The best thing about Henry Akins’ approach to teaching open guard is that it’s not just learning the moves and then drilling the hell out of them. No, Akins teaches you how these techniques were developed, and why they work. The technique becomes a concept that you can remember.
Whether you’re six foot six and three hundred pounds or five four and one eighty, we’re all built in more or less the same way, same body parts, a similar distribution of weight, and we’re all beholden to the same laws of physics.
Akin teaches how you can use those factors to your advantage with training that works at a foundational level. It’s not just techniques, it’s systems, it’s science. How can you take a big opponent’s size and use it to your benefit? That’s the question Akins answers with this system.
Solutions to your Open Guard Problems
- Discover how to “stab” guard passers in their tracks and utilize their own passing movements to systematically drive them directly into your highest percentage sweeps and submissions
- Want to know why you get passed so often? Its because your THINKING about defending your open guard is BACKWARD!
- Ever wonder why you don’t hit more sweeps successfully? Its because what you think you know about playing open guard is FLAWED…
- Want To Know How To Sweep Even The BIGGEST, STRONGEST, MOST AGGRESSIVE pressure passer with ease?
The Open Guard Course consists of these modules:
|Unit 1||Concept of Control & Grip Breaking Open Guard|
|Unit 2||No-Gi Ankle Grip Breaks|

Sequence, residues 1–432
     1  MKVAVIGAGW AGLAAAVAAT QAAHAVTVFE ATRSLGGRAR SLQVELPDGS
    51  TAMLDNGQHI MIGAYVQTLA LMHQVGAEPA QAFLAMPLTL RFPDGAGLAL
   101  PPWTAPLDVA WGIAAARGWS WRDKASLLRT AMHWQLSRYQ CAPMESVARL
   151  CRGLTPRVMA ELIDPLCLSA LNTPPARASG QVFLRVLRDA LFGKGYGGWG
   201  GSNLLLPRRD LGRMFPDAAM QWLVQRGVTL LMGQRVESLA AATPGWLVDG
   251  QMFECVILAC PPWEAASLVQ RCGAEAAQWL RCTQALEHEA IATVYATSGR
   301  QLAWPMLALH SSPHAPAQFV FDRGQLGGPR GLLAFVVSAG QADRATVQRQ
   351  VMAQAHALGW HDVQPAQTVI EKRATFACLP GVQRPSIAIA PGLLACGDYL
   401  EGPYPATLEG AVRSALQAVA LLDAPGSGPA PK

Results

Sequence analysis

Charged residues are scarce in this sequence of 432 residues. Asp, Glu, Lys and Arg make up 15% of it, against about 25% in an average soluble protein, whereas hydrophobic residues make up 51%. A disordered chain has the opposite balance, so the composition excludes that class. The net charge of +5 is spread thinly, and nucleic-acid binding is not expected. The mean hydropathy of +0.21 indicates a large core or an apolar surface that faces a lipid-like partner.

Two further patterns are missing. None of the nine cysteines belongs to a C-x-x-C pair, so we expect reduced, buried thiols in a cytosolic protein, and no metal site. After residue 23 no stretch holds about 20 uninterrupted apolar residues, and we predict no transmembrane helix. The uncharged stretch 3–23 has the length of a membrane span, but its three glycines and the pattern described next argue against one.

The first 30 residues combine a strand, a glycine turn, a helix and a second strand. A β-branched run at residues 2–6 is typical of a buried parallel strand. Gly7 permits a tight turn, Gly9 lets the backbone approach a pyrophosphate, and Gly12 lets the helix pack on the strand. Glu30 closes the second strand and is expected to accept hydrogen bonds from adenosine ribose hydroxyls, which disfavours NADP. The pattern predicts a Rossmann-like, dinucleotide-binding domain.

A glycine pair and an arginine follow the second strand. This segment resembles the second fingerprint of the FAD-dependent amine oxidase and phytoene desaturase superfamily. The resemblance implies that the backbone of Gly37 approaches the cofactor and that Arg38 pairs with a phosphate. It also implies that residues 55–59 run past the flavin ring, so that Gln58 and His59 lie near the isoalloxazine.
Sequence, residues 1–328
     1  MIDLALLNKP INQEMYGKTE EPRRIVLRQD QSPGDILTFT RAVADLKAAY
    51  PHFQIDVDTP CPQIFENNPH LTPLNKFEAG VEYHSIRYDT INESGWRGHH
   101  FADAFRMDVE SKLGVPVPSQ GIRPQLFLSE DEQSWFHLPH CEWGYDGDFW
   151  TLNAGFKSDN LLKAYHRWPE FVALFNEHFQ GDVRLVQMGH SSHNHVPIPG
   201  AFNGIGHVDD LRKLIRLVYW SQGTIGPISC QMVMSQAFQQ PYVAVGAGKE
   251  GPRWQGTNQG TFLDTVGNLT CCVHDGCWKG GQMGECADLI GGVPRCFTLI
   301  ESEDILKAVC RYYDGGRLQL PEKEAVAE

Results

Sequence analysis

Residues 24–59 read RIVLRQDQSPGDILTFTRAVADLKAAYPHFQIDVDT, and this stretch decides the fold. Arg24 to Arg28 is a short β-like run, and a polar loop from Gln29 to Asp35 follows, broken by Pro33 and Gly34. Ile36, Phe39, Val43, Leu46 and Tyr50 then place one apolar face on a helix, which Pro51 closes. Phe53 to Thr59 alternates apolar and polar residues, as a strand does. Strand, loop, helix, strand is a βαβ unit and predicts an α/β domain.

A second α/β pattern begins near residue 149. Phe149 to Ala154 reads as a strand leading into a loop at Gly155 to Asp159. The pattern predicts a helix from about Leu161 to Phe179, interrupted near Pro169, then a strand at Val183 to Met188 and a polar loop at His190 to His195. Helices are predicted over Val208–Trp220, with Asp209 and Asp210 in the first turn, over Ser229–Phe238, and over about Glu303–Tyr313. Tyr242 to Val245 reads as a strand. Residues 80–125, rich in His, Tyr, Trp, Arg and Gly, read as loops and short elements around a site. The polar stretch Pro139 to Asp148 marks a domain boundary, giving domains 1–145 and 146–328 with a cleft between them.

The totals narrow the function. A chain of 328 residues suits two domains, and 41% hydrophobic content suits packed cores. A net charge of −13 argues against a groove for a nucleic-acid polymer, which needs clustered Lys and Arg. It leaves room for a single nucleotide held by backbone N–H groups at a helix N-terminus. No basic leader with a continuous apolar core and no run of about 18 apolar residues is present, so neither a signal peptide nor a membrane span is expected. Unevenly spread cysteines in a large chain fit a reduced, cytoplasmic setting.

|Unit 3||Ankle Grip Breaks with Gi|
|Unit 4||Breaking Grips on the Knees|
|Unit 5||Biting w Leg to Avoid Stack Pass|
|Unit 6||Creating Distance & Staying Clear of the Arms|
|Unit 7||Hip Movement Shoulder Movement|
|Unit 8||Triangle Setup from the Double Under Pass|
|Unit 9||Recovery from Knee Shield Smash|
|Unit 10||Ping Ponging the Opponent Between the Legs|
|Unit 11||Killing the Double Under Pass|
|Unit 12||Arm Bar from the arm on Top of the Leg|
|Unit 13||Arm Bar from Over-hand Punch|
|Unit 14||Using Kicks and Being Offensive from the Open Guard|
|Unit 15||Concept of Sweeping|
|Unit 16||Standing in Base|
|Unit 17||Coming up and Coming Forward|
|Unit 18||Open Guard Defense Circling w Ankles to Break Grips|
|Unit 19||Open Guard Defense Maintaining Distance|
|Unit 20||1 BONUS – Dealing with punches from the open guard|
|Unit 21||1 BONUS Q&A – Dealing with punches from the open guard Q&A|
|Unit 22||2 BONUS – Controlling Your Opponent by Switching Sides|
|Unit 23||2 BONUS Q&A – Controlling Your Opponent by Switching Sides|
|Unit 24||3 BONUS – Striking from the open guard|
|Unit 25||3 BONUS Q&A – Striking from the open guard|
|Unit 26||4 BONUS – Wrist control armbar|
|Unit 27||4 BONUS Q&A – Wrist control armbar|
|Unit 28||BONUS – Counter to Bull Fighter Pass|
|Unit 29||BONUS – Counter to Bull Fighter Pass with Pressure|
|Unit 30||BONUS – Counter to Double Leg Pass|
|Unit 31||BONUS – Reversal from Double Leg|
|Unit 32||Defense for the over-under pass|
|Unit 33||Kimura when they push the knee|
|Unit 34||Pulling the foot out from straight ankle lock grab|
|Unit 35||Open Straight foot lock defense sitting|
|Unit 36||Using the leg to open the knees|
|Unit 37||Heel hook Escape|